parental responsibilities & parenting time

by Cory Gallagher, Denver Area Family Law Attorney

Updated on 04/08/2019

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This page has mutliple parts including a break down explanation of what and how parenting time is decided. The second part includes Parental Responsibilities FAQ's and Tips to winning parenting time with the children.

Divorcing parents face a monumental task of making life-changing decisions.

Nothing is more heartbreaking than a child(ren) caught in the middle.

Cory Gallagher understands that the outcome of this legal matter will affect you and your children for the rest of your lives. He has the experience and work ethic to create a satisfactory arrangement regarding both custody and visitation for you and your children.

In Colorado, child custody is known as "allocation of parental responsibility," or APR for short.

APR has two components:

1. Parenting time:

  • Where does the child primarily reside?
  • How do the parties split time with the child?
  • Is there anyone besides the parents, such as grandparents or other relatives, that have time set aside to see the child?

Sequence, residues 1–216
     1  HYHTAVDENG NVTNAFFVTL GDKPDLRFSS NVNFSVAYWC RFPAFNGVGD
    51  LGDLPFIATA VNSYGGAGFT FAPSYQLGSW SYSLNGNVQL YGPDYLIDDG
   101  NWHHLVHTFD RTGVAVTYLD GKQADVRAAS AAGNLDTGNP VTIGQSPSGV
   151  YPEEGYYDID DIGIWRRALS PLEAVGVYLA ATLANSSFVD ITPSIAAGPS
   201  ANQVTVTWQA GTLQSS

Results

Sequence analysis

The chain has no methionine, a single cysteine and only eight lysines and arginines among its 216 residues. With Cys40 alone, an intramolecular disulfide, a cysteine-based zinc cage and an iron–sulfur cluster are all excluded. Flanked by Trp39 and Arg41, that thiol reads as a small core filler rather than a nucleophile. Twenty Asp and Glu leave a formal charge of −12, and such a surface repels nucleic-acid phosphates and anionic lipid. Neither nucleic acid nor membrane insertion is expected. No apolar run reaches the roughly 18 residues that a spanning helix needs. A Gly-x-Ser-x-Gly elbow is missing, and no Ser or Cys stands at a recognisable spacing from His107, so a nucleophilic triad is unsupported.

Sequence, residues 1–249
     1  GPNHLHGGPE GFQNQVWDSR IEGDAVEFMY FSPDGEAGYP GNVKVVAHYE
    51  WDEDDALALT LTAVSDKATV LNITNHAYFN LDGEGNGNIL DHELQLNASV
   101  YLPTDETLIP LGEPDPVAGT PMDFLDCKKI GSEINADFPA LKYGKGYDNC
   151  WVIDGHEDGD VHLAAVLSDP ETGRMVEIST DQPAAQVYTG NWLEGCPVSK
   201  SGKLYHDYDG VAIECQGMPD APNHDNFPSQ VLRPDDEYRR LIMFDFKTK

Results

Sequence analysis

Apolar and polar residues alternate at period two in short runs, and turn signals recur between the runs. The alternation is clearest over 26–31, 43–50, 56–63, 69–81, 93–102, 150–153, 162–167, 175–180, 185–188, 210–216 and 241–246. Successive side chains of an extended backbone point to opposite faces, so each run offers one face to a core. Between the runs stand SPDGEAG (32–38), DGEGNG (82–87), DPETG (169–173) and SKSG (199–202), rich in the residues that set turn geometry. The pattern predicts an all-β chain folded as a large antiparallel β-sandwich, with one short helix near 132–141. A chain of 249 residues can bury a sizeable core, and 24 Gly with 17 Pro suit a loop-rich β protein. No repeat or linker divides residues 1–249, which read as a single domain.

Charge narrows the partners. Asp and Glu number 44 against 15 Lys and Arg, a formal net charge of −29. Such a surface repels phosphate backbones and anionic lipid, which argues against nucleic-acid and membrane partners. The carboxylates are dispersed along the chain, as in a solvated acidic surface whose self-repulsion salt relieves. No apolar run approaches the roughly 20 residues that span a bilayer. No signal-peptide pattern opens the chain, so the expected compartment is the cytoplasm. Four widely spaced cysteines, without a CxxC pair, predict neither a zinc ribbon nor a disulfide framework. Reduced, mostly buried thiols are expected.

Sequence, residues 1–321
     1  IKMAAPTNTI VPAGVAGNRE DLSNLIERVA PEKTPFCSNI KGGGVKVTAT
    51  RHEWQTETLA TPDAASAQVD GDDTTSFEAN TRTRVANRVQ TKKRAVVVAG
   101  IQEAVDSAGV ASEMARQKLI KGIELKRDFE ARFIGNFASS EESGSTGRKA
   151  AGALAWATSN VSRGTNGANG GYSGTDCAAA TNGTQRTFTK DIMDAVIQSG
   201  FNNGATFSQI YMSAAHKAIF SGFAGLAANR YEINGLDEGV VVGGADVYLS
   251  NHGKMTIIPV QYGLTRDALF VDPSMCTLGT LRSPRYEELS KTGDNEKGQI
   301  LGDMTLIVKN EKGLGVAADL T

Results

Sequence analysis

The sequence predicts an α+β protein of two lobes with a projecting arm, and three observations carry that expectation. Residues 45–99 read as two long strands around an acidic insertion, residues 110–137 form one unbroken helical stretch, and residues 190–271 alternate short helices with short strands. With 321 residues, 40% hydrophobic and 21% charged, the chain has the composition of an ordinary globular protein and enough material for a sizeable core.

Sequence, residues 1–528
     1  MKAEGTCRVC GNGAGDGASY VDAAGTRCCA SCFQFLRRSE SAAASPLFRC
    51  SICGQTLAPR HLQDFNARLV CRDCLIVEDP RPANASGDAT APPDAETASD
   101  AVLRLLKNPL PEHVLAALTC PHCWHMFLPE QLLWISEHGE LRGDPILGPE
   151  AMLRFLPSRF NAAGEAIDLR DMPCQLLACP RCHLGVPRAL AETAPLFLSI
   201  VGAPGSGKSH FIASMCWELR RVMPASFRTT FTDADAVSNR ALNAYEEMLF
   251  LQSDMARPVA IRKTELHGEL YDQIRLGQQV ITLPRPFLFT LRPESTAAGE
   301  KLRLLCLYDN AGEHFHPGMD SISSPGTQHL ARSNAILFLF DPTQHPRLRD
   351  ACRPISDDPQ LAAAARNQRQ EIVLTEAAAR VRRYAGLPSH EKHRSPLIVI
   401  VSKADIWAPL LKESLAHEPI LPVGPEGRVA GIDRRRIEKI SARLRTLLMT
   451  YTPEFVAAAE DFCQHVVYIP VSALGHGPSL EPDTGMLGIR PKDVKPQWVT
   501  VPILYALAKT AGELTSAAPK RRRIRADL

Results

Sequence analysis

• How will the parties exchange physical care for the child? What happens when the child is old enough to drive?

2. Decision-making: this component has two parts - major and minor decisions.

Major Decisions include but are not limited to:

  • What religion will my child practice?
  • What pediatrician will my child see?
  • What extra-curricular activities will my child participate in?
  • How will my child be disciplined?
  • What school will my child attend?
  • What child-care provider will I use?

Minor/Routine Decisions are the day-to-day items that include but are not limited to:

  • What will my child eat for dinner?
  • What type of clothing will my child wear?
  • What time will my child go to bed?
  • What types of chores will my child be responsible for?

Both components of APR - parenting time and decision-making - are agreed upon by the parties or decided by the court using the "best interests of the child" standard as outlined in C.R.S. §14-10-124. Factors include, but are not limited to:

  • The needs of the child for a frequent, continuing and meaningful relationship with both parents and the ability and willingness of parents to actively perform their functions as mother and father for the needs of the child;
  • The interaction and interrelationship of the child with parents, siblings, and any other person who may significantly affect the child's best interests;